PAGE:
A stroke occurs when blood flow to an area of the brain is cut off. Without blood, brain cells sustain damage or die. There are two main types of stroke. Ischemic strokes, which account for 88% of all strokes, are the result of an obstruction within a blood vessel supplying blood to the brain, while hemorrhagic strokes, occur when a weakened blood vessel ruptures.

When part of the brain dies from lack of blood flow, the part of the body it controls is affected. For example, if the area that controls speech is deprived of blood, the person may have problems speaking.

Know the warning signs of stroke:

  • Sudden numbness or weakness of the face, arm or leg, especially on one side of the body
  • Sudden confusion, trouble speaking, or understanding
  • Sudden trouble seeing in one or both eyes
  • Sudden trouble walking, dizziness, loss of balance, or coordination
  • Sudden, severe headache with no known cause

If you think someone is having a stroke, ask them to:

  • Smile
  • Raise both arms and keep them up
  • Speak a simple sentence coherently

If you think you or someone else is having a stroke, call 911 immediately.


A preliminary diagnosis can be made based on symptoms, a physical and neurological examination, medical history. To be sure however, the doctor will probably order tests that may include at least one of the following:

  • Imaging test: produces images of the brain (CT scan, MRI)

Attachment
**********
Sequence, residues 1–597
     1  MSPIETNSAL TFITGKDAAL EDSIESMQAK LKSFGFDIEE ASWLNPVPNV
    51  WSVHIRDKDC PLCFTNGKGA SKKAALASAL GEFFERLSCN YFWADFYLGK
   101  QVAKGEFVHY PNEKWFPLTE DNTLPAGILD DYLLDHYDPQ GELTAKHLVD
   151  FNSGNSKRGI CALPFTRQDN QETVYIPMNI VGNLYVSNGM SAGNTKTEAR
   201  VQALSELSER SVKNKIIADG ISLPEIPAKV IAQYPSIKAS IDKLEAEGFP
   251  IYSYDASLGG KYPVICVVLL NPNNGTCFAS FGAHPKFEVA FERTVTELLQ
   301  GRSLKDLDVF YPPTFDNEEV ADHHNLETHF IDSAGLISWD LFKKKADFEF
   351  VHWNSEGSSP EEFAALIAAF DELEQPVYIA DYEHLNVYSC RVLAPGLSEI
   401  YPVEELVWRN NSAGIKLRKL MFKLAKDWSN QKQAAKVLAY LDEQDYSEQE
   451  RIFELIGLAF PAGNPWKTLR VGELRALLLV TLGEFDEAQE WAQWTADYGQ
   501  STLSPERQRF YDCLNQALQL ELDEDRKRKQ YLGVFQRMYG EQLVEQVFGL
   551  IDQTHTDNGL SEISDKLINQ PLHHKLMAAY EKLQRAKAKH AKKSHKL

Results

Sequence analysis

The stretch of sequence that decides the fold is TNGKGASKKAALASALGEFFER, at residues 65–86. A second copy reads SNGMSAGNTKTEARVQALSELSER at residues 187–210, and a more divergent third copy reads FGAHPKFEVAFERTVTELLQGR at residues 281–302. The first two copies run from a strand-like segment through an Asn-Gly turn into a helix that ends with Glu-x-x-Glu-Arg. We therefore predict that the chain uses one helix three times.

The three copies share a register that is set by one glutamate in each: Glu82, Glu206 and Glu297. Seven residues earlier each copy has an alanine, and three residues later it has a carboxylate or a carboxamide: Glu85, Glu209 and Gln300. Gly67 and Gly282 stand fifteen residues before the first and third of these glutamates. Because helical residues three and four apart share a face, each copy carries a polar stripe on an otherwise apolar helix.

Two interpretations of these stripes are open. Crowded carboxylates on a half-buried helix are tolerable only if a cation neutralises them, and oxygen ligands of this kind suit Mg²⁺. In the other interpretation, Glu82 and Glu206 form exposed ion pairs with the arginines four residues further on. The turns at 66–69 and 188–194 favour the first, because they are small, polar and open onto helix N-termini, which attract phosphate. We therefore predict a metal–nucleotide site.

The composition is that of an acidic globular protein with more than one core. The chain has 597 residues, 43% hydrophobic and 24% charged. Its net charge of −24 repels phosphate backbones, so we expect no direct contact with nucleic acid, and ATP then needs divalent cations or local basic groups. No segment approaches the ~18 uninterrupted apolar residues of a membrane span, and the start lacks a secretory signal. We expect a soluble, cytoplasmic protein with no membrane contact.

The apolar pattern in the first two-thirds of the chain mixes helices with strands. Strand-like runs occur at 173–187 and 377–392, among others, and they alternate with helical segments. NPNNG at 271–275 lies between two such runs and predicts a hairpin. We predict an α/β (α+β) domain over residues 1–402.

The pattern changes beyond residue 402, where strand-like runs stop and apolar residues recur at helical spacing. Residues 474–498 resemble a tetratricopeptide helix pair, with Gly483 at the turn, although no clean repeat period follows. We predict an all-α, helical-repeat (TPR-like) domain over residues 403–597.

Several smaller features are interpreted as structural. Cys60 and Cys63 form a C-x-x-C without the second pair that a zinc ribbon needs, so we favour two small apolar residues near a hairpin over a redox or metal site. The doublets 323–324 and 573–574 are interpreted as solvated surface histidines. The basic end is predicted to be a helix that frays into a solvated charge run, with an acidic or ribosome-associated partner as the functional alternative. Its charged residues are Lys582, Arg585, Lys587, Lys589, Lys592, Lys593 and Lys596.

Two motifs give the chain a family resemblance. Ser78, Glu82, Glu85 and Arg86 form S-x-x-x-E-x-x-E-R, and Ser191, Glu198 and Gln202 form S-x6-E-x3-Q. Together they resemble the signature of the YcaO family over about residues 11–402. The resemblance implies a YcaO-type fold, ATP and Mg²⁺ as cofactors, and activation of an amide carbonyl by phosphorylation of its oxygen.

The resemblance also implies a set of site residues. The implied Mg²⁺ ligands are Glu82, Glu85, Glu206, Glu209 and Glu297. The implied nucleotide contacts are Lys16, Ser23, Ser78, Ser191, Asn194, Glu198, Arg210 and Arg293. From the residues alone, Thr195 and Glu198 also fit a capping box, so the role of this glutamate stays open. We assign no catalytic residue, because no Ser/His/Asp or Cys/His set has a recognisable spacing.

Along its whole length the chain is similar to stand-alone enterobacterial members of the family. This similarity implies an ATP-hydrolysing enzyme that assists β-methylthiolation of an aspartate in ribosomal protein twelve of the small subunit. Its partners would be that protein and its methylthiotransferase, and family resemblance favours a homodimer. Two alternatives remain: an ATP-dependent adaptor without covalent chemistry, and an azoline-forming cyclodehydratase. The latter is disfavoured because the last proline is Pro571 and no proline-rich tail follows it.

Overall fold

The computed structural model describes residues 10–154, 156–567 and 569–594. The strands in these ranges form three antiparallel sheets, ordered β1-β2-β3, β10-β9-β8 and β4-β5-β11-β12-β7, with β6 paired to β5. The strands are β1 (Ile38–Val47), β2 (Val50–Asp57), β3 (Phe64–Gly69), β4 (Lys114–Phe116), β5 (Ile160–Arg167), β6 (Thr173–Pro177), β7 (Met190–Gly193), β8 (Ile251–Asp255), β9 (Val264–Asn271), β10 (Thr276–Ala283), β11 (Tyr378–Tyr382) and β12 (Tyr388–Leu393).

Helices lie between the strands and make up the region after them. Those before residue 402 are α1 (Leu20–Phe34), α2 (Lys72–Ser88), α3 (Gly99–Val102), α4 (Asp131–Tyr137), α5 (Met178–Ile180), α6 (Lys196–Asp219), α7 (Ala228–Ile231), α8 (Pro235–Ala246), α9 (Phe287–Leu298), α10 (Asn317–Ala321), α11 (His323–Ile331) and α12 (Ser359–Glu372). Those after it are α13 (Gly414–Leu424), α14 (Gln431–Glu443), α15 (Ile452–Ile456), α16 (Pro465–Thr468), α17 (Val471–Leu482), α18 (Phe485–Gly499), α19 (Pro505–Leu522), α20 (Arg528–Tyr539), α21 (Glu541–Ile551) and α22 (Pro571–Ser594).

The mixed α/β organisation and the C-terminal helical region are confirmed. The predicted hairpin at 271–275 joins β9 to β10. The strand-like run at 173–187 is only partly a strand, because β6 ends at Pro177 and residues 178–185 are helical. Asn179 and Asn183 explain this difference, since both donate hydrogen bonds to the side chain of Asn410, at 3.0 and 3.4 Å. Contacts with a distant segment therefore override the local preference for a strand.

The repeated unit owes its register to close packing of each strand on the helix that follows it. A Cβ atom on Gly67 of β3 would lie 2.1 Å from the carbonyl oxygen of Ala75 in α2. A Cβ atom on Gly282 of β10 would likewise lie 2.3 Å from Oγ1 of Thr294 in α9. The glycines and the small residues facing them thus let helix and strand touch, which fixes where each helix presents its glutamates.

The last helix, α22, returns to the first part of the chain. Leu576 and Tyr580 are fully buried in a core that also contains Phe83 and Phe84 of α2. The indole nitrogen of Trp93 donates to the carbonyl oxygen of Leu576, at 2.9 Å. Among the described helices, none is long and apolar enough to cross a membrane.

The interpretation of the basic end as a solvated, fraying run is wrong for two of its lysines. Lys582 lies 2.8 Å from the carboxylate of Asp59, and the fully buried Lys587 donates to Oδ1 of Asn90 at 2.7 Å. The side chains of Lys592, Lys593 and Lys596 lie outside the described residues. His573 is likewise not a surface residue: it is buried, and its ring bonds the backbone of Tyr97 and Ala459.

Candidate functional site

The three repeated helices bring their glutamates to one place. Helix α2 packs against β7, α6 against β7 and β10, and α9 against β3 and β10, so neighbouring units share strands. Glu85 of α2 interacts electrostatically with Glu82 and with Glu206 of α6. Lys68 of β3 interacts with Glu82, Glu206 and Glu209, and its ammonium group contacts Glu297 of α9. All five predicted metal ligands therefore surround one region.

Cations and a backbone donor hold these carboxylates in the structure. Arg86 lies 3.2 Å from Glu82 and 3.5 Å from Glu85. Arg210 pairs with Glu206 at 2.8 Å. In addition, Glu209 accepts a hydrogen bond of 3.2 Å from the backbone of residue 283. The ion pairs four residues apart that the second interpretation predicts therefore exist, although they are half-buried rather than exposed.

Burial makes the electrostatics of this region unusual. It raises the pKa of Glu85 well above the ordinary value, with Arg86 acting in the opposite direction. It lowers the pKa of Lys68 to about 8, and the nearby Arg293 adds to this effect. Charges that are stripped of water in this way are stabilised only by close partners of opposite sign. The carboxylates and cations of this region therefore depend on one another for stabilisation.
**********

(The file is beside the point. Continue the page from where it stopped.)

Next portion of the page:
• Electrical test: records electrical impulses in the brain (EEG)
  • Blood flow test: measures blood flow in certain arteries in the brain (ultrasound, arteriography)


Prompt treatment improves the chances of surviving and recovering from a stroke. When dealing with ischemic stroke, a specific type of drug must be administered within 3 hours of symptom onset. Most people who have a stroke require some kind of rehabilitation to regain function. Thankfully, the brain can repair itself after suffering damage. Almost a quarter of stroke survivors experience another stroke within 5 years, and the risk of severe disability and death increases with each stroke. Proper medical management, which may include antiplatelet medication (e.g. Aspirin®) and lifestyle changes, can help reduce the risk of having another stroke.

Stroke and transient ischemic attacks (TIA)

A TIA, commonly known as a mini-stoke, is a temporary blockage of blood flow. Symptoms are the same as those of a stroke except symptoms disappear within a few minutes to hours, usually lasting no longer than 24 hours. Furthermore, there is no permanent damage from a TIA. Recent evidence indicates that almost 20% of those who have a TIA will have a major stroke within 3 months. A TIA is a serious warning sign of a stroke and should not be ignored.

Strokes are preventable

While some risk factors such as family history cannot be changed, you can reduce your risk:

  • Quit smoking and avoid second-hand smoke
  • Treat diabetes with diet and medication
  • Lower cholesterol, avoid saturated fats
  • Lose weight
  • Control high blood pressure
  • Exercise
  • Drink in moderation

For more information or for support :

The Heart and Stroke Foundation of Canada


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